World Glaucoma Awareness Week
Monday, 8 March 2010
How a simple eye test can save your eyesight...
It's World Glaucoma Awareness Week and because there are no symptoms of Glaucoma it's important to be aware that you could have it and not realize.
Who Is The Guest?
. Elaine McGovern, Specsavers Optometrist
. Peter McAvoy
Glaucoma, what is it?
Increased eye pressure at the front of the eye, which damages the back of the eye and essentially the optic nerve, which, when damaged, will lead to loss of peripheral vision (patient will be left only with tunnel vision)
What is tunnel vision?
Having no vision in the side of your eyes, so a sufferer can only see in front of them, as though they are looking through a tunnel or a hole.
What are the symptoms?
Worryingly there are rarely any symptoms of this condition, however there are also very few risk factors, so the main thing is that everyone gets their eyes tested.
Peter had symptoms because he was at an advanced level. At this level there is a possibility (but not guaranteed) of symptoms such as:-
- Red eyes
- Sore eyes
- Blurred vision
Blurred vision does not mean constantly, it is intermittent, which means that it can happen at different times of the day i.e. when driving, reading etc.
Are there any risk factors?
Does bad eyesight have anything to do with getting glaucoma?
No, it is a separate condition from anything to do with vision, however people who have no vision problems would tend not to go for an eye test.
What test needs to be done?
A simple general eye test in an opticians will have the pressure test used to detect the condition with Peter.
There is no method of prevention other than awareness.
Can it be treated?
Damage done to the optic nerve is irreparable, but all cases, no matter how advanced or early they are should be treated to prevent any further damage. Treatment is either in the form of drops, as in Peter's case, or in some cases eye surgery.
Is this a typical case?
No, Peter was very lucky to have symptoms, and the fact is that anyone can get this condition and tunnel vision can be a very serious consequence for someone to live with, and it is irreversible, so it's important for someone who hasn't been for an eye test, or who may have had a family history to get checked.
Additional / Misc' Info:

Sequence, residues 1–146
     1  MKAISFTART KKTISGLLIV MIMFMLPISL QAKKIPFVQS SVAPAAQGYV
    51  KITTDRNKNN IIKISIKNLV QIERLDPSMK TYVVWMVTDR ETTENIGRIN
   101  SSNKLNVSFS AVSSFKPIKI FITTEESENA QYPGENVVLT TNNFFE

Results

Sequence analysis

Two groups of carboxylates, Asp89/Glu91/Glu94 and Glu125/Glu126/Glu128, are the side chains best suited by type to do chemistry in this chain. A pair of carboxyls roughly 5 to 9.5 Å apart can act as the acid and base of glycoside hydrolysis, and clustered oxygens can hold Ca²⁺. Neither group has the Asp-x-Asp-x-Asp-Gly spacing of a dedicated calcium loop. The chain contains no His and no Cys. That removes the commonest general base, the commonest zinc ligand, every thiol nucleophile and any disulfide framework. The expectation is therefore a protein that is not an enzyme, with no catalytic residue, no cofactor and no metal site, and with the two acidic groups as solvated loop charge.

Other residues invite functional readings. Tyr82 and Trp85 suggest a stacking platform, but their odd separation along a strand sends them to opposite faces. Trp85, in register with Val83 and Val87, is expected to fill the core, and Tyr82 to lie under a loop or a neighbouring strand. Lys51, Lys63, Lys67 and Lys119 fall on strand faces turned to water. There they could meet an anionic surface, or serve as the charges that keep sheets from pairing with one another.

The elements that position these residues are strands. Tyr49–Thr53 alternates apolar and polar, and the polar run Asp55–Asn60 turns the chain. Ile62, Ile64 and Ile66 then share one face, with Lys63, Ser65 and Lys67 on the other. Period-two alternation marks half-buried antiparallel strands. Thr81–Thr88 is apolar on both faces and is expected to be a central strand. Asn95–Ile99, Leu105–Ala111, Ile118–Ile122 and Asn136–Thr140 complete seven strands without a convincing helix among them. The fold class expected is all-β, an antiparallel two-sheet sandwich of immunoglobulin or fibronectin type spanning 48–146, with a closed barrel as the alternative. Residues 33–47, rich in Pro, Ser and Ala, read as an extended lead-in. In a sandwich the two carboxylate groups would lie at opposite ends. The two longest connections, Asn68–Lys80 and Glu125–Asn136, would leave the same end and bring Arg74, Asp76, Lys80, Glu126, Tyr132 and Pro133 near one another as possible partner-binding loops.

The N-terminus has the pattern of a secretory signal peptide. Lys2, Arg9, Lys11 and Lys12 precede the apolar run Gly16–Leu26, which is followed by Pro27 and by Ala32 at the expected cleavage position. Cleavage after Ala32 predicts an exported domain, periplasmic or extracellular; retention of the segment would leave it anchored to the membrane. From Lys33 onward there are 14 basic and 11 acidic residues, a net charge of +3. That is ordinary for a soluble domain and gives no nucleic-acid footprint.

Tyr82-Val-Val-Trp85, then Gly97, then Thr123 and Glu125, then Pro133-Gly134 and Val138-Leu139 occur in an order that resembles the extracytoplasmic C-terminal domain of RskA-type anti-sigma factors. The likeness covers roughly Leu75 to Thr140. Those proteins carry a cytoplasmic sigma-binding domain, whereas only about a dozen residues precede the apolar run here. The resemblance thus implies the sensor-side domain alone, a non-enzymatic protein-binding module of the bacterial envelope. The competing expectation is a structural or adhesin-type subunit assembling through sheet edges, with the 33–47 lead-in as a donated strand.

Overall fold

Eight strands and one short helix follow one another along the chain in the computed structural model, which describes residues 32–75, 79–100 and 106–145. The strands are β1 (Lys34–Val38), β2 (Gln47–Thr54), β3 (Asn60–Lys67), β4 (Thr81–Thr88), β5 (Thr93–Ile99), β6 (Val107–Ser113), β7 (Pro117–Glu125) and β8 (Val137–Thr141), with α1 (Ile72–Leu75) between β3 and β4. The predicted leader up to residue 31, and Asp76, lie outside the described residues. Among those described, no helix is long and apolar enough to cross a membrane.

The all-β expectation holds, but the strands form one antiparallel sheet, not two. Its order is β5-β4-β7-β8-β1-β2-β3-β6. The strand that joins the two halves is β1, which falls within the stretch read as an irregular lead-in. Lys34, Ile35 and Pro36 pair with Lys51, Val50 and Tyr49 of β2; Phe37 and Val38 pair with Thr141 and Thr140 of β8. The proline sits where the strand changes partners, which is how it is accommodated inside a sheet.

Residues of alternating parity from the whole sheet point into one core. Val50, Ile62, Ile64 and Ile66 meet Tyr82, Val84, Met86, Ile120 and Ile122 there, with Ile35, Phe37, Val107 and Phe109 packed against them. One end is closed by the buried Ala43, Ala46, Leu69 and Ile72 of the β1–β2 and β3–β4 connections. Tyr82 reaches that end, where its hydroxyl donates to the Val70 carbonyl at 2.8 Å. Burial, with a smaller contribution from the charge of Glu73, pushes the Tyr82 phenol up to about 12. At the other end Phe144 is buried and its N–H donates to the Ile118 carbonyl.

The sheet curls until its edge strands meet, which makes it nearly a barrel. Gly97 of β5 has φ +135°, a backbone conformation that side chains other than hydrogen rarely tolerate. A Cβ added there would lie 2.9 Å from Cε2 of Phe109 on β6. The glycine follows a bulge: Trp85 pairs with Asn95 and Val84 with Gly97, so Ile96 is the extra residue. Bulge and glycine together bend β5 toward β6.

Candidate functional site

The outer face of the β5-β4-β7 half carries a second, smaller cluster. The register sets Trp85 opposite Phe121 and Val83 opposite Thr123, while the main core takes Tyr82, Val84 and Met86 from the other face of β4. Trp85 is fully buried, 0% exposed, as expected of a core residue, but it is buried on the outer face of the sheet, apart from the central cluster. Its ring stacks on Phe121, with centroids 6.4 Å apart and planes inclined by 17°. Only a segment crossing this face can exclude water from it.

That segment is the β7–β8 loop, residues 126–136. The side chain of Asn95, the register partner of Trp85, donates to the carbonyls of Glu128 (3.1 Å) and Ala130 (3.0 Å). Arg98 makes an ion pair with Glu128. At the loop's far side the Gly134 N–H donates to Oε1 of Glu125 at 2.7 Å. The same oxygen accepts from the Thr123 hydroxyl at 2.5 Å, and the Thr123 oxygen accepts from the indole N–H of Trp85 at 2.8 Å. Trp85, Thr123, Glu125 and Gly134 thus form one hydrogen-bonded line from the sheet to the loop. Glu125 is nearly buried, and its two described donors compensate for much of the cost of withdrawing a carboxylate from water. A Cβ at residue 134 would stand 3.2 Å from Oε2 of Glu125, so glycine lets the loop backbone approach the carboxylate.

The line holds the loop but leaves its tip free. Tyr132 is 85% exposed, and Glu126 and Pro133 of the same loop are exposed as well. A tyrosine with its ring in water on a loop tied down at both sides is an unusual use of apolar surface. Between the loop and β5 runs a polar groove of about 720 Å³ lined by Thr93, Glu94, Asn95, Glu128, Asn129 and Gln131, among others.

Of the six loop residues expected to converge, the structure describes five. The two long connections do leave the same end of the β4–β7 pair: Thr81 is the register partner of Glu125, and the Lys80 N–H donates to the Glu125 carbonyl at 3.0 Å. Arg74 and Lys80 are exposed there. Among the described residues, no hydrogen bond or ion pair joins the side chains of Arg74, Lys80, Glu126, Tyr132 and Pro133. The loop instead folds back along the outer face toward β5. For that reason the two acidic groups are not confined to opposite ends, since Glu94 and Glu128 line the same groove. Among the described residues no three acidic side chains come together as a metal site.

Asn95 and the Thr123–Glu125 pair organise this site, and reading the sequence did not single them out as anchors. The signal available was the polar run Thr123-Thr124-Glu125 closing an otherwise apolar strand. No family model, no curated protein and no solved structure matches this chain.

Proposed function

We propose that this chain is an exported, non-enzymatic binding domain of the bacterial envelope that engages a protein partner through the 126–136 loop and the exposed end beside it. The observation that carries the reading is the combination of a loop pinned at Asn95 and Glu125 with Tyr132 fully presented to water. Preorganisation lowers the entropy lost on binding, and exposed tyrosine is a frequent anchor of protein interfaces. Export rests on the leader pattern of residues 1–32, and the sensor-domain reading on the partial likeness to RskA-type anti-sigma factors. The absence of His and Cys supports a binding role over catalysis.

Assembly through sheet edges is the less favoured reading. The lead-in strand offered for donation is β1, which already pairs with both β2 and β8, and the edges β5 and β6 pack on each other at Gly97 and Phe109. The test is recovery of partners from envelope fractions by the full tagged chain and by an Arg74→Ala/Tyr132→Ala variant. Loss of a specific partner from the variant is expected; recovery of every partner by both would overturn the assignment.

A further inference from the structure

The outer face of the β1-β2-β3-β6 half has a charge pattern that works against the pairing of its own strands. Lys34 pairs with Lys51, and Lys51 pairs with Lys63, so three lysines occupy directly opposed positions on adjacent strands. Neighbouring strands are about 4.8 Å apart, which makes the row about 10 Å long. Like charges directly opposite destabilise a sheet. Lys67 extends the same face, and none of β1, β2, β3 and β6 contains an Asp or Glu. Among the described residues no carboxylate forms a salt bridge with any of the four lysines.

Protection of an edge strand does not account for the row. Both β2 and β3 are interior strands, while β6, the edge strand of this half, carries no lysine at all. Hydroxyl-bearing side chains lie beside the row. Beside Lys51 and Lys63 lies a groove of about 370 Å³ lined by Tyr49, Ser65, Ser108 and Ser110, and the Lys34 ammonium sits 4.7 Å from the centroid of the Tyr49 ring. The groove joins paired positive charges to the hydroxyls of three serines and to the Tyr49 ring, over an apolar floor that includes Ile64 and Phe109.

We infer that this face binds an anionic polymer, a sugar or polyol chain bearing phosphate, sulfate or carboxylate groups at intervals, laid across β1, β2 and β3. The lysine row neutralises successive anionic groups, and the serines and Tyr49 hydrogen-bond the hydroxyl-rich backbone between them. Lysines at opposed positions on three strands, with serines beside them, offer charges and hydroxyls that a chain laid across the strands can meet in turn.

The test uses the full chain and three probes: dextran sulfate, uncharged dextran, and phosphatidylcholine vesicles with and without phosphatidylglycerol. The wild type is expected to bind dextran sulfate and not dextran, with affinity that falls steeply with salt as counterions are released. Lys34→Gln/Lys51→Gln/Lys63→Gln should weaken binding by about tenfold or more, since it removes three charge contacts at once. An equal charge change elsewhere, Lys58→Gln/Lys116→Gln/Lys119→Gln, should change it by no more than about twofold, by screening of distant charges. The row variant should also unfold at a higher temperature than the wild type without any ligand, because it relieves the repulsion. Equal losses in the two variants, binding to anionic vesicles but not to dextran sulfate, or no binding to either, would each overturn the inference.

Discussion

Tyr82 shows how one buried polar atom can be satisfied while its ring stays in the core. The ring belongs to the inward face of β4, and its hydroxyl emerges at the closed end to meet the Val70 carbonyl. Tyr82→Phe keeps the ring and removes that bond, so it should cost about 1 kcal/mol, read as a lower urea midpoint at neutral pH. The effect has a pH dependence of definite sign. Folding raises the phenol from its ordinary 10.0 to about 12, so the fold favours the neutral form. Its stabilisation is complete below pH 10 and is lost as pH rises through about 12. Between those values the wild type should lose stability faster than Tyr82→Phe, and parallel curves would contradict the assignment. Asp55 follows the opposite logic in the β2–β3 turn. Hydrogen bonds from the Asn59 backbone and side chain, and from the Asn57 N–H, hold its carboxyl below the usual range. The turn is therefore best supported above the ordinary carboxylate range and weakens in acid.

Approximately 60,000 Irish people are thought to currently suffer from the condition.
THOUSANDS of people in Ireland could be risking their sight by unknowingly suffering from glaucoma, the second largest cause of unnecessary blindness in the world.
Those over 40 are particularly at risk, but if diagnosed early enough through a simple eye examination, the condition can be effectively managed. Specsavers is urging the over 40s in Ireland to have regular eye examinations to detect the onset of glaucoma and the stores will be lending their support to World Glaucoma Day on Friday 12 March, by offering complimentary eyecare advice.
Most people associate an eye test with getting a new pair of specs or renewing their prescription, but few would associate an eye test with the ability to save your vision. One such person is Peter McAvoy, who, thanks to a visit to Specsavers in Mullingar, is grateful to still have sight in his left eye.
Mr McAvoy, a 43-year-old from Mullingar, Co Westmeath, had been experiencing foggy vision in his left eye since Christmas 2008. He had previously been for eye tests and nothing had been found, so began thinking that he would just have to live with blurred sight. Eventually, Peter's wife convinced him to have another eye examination at the Specsavers store in 11 Pearse Street, Mullingar. Finally, in August 2009, Mr McAvoy made his appointment.
Elaine McGovern, store director of Specsavers in Mullingar, who has more than xx years experience in eyecare, undertook the eye examination. Following Mr McAvoy's description of his problem, she administered a pressure test using puffs of air. The results suggested signs of glaucoma, so she referred him to an eye specialist centre, in the Ballinderry Clinic.
Ms McGovern comments: 'When I noticed the level of pressure in Mr McAvoy's eyes, I became concerned that there could be a serious, underlying health condition such as Glaucoma. Time is always of the essence when detecting abnormalities so I immediately referred him to an eye specialist in Ballinderry Clinic for a diagnosis.
On arrival at the clinic, Mr McAvoy underwent a 'field of vision' test which revealed he was indeed a sufferer of glaucoma, confirming Ms McGovern's initial concerns. The severity of the glaucoma was high and Peter received a specific type of eye drop containing steroids that reduced the pressure in his eye and controls the condition.
Alarmed by the discovery, Mr McAvoy reflects: 'I was utterly shocked that the fogginess in my left eye that I had been experiencing was a symptom of such a serious condition. I owe my sight to the swift action of Ms McGovern and her team at Specsavers in Mullingar. I have since been informed that glaucoma is a hereditary condition and now my siblings and their children have also been for eye tests and will continue to do so regularly. '
Ms McGovern concludes: 'Mr McAvoy's case reiterates Specsavers' advice that people should have their eyes tested at least every two years. Not only can an eye examination monitor your sight, it can also detect diseases and serious health problems. The main message to highlight for World Glaucoma Week, in light of Mr McAvoy's case, is that eye tests are essential for both your sight and general health.
To book an appointment, call into Specsavers, 11 Pearse Street, Mullingar or call 04490038. You can also log onto www.specsavers.ie/mullingar